An analysis of the historical development of senior colleges and universities in West Texas: geography and vital forces

dc.creatorFisher, Don R
dc.date.accessioned2016-11-14T23:10:39Z
dc.date.available2011-02-19T00:31:59Z
dc.date.available2016-11-14T23:10:39Z
dc.date.issued1988-05
dc.degree.departmentEducationen_US
dc.description.abstractThe development of higher education in West Texas mirrored the state's experience with colleges and universities. For more than a century, Texas lacked a plan for development of higher education. Political considerations were paramount, and West Texas best characterized the state's bits-and-pieces development process. As they had done in the eastern part of the state during the decade of the Republic and the early years of statehood, Protestant church groups founded colleges in West Texas well in advance of state-supported institutions. Many of the early church-related colleges failed, but those which survived marshalled local support and became symbols of community solidarity and regional pride. The first publicly-funded college in West Texas, appropriately named West Texas State Normal, opened in Canyon in 1910. In the next fifteen years, three other state colleges were founded in West Texas: The School of Mines, Sul Ross State, and Texas Technological College. Boosters hailed Texas Tech as a people's college with a mandate to serve the young men and women of a dynamic region. The University of Texas and Texas ASM benefitted for years from the largess of the Permanent University Fund (PUF). However, until the advent in 1947 of the ad valorem tax fund, colleges in West Texas and other parts of the state had difficulty funding major construction projects. The ad valorem tax fund satisfied construction needs until its demise in 1982. Responding to requests from Texas Tech and other institutions, the voters in 1984 approved a constitutional amendment to establish a new dedicated fund and to distribute PUF benefits more evenly among UT and A&M system institutions. The geography of West Texas and the>people who settled there combined to produce vital forces which are clearly reflected in the colleges and universities of the region. This particular brand of regionalism sparks some internal competition but presents a united front in the face of apathy or neglect, real or perceived. The vital forces which emerged from the West Texas frontier experience made higher education with its abundant opportunities readily available to all the people of the region. Finally, this study deals with human behavior and how that behavior was and still is molded by both environmental and societal forces. The very size of Texas and its settlement patterns, the location of constitutionally established institutions, and the perspectives of many people all contributed to the development of a unique group of colleges and universities in West Texas.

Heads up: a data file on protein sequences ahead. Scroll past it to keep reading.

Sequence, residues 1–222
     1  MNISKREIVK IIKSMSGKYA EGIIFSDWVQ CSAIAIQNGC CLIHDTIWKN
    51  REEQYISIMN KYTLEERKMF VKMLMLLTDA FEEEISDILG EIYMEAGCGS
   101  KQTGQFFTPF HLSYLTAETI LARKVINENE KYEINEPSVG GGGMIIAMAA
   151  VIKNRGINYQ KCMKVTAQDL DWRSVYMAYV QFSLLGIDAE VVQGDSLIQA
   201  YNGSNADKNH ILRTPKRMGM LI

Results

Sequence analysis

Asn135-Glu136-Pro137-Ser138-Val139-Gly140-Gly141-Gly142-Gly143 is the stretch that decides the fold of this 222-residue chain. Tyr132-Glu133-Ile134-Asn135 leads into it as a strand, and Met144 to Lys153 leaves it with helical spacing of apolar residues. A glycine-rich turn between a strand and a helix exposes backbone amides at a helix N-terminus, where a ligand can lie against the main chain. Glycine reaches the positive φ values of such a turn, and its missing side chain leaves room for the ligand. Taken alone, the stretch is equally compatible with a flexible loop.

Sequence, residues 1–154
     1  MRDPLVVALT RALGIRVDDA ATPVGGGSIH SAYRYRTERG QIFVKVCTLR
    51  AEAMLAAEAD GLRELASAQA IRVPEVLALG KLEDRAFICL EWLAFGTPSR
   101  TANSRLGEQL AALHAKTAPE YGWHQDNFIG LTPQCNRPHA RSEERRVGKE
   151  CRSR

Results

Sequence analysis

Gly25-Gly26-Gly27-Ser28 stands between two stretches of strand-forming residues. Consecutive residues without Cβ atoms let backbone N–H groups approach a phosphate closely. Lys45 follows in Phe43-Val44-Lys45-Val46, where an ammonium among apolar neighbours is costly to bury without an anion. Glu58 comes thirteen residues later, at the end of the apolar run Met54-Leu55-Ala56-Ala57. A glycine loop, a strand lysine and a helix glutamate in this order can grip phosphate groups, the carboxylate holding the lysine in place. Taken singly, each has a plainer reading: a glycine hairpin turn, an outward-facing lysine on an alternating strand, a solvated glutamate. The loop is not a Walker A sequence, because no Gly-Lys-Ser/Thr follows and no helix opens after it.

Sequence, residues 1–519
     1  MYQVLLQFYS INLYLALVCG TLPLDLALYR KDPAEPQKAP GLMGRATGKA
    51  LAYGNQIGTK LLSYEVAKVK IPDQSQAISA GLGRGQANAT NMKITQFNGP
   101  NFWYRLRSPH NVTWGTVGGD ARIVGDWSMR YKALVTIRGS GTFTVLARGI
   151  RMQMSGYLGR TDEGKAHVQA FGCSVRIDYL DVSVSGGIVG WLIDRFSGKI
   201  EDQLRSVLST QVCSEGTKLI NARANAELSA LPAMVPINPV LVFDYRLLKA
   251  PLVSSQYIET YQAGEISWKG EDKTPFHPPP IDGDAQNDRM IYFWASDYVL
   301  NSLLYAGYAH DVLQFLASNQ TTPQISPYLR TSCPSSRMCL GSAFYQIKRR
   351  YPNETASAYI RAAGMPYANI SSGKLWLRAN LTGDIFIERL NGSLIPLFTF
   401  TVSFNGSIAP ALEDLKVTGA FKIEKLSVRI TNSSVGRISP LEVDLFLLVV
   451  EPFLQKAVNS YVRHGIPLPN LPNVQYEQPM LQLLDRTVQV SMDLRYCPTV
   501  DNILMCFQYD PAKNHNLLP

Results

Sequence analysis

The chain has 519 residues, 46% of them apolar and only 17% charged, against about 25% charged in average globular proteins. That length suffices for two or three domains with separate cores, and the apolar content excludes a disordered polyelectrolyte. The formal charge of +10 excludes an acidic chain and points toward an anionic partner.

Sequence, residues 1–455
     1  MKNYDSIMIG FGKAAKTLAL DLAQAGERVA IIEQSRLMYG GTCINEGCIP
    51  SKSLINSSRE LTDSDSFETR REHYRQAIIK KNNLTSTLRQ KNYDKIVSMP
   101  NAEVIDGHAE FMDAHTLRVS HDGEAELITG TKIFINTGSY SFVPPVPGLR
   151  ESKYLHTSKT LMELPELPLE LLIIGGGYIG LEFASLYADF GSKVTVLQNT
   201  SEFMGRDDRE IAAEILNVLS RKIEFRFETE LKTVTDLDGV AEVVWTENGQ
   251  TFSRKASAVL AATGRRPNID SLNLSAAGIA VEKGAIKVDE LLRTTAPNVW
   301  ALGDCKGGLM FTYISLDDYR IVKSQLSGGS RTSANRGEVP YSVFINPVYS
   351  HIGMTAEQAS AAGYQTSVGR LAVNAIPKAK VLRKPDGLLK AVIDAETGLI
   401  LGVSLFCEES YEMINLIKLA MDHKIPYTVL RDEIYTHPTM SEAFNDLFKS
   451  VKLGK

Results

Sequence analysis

dc.format.mimetypeapplication/pdf
dc.identifier.urihttp://hdl.handle.net/2346/21746en_US
dc.language.isoeng
dc.publisherTexas Tech Universityen_US
dc.rights.availabilityUnrestricted.
dc.subjectEducationen_US
dc.subjectHigher -- Texasen_US
dc.subjectUniversities and colleges -- Texas -- Historyen_US
dc.titleAn analysis of the historical development of senior colleges and universities in West Texas: geography and vital forces
dc.typeThesis

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